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A Fuse #8 Production
Inside A Fuse #8 Production

Fuse 8 n’ Kate: Mike Mulligan and His Steam Shovel by Virginia Lee Burton

Ramona’s not the only one calling aspects of Mike Mulligan into question anymore. Kate and I already tackled Virginia Lee Burton’s The Little House, so now we cover another book tackling the fast moving world and how it can lead to obsolescence. A tale of “a man obsessed with his steam shovel,” muffs, dabbing, how precisely a steam shovel would work, and the weird placement of the acknowledgement to Dickie Birkinbush, mid-book.

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As I mentioned, Kate and I made a Randolph Caldecott music video about 10 years ago. That second pair of heels? That’s Kate:

And here is Kate’s Kei$ha video. She’s one of the mohawked ladies walking behind the singer lady:

“That’s my Monday.”

Here is Big Machines: The Story of Virginia Lee Burton by Sherri Duskey Rinker, ill. John Rocco, which we mention a couple times

“Why I oughtta . . .!”

Whose choice was it to make the font quite that big? I love the idea that someone in the process thought an openly weeping Mary Anne was a bit unclear.

Naturally, both of my children knew what dabbing was. So let’s do a compare and contrast of my kids (my FOUR-YEAR-OLD knew what it was!!!) with Mike Mulligan. Dabbing their hearts away. Here is Mike…

Here are my kids …

On the left, a lady with a muff. On the right, Mike’s wearing a short-sleeved shift. Any idea why she is be-muffed?

Kate looked up what a “selectman” is. It is, “a member of the local government board of a New England town.” Who knew?

It’s the RETURN OF THE SASSY SUN from The Little House!!! Kate’s previous tattoo has come back to greet her.

The first time I have certainly ever seen a book stop dead in its tracks to acknowledge someone.

And finally, here, you can see “Jinnee” doing a dance move.

About Elizabeth Bird

Elizabeth Bird is currently the Collection Development Manager of the Evanston Public Library system and a former Materials Specialist for New York Public Library. She has served on Newbery, written for Horn Book, and has done other lovely little things that she'd love to tell you about but that she's sure you'd find more interesting to hear of in person. Her opinions are her own and do not reflect those of EPL, SLJ, or any of the other acronyms you might be able to name. Follow her on Twitter: @fuseeight.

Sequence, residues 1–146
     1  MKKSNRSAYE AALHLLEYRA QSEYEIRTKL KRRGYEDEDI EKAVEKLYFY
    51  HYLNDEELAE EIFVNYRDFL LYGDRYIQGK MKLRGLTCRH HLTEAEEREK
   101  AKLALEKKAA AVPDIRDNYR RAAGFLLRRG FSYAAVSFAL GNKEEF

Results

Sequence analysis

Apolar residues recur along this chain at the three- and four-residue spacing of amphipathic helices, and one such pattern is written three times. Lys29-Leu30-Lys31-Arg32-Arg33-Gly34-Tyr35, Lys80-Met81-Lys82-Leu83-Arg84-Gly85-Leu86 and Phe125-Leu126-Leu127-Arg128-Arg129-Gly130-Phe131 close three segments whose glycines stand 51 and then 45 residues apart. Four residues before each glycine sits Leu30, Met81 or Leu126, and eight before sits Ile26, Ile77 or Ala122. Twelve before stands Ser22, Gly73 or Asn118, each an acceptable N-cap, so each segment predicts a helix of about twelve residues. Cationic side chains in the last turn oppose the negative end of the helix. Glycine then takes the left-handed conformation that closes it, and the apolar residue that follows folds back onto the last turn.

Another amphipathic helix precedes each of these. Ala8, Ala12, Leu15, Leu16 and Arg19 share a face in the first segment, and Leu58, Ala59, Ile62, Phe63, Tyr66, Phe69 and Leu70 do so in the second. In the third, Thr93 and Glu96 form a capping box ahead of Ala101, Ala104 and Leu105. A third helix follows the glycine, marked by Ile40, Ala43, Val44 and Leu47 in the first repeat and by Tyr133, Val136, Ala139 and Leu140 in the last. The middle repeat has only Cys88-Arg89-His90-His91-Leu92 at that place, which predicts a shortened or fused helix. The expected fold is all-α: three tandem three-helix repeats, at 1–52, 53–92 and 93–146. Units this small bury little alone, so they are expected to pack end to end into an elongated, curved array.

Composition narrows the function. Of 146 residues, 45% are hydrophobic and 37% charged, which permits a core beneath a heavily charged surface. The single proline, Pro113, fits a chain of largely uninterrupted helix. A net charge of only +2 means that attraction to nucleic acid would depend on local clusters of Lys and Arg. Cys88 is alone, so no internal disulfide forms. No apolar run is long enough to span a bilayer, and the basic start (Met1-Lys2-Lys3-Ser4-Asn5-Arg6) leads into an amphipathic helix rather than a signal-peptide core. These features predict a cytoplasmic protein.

1. I wish you’d do a Canadian classic Amos’s Sweater. I love that book! It’s got the best opening line! Amos was old and Amos was cold and Amos was tired of giving away all his wool. Classic!!! The illustrations are largely a series of tug of war shots from different angles between Amos, an old sheep and Uncle Henry which is very apropos because the book is about conciliation.

    • I get confused between that one and The Red Sweater which, if I’m remembering correctly, is another Canadian classic only it has something to do with hockey. I don’t really know Amos at all. To the (Canadian) library!

  2. Could Mike be in short sleeves because it’s really hot in the cab of a steam shovel, being so close to a coal boiler?

  3. You’re thinking of The Hockey Sweater, which I confess I haven’t read. Amos’s Sweater is by Janet Lunn and is a charming tale I used to read to my kids and they loved it. My son who was about 2 at the time would always get hung up on Uncle Henry. There was one spread he would ask the same question each time and one time I tried to ignore it and continue but he persisted. It was somehow a hilarious moment. Not sure it’ll have the same appeal to American audiences. (My grandkids are not as impressed with it). It’s definitely a rural tale but one of my favorites. Bought fifteen copies and gave them as baby gifts for years.

  4. My fan theory for the woman with the muff is that she is hiding a small animal in there, like a kitten, or a hedgehog, or a pet rat.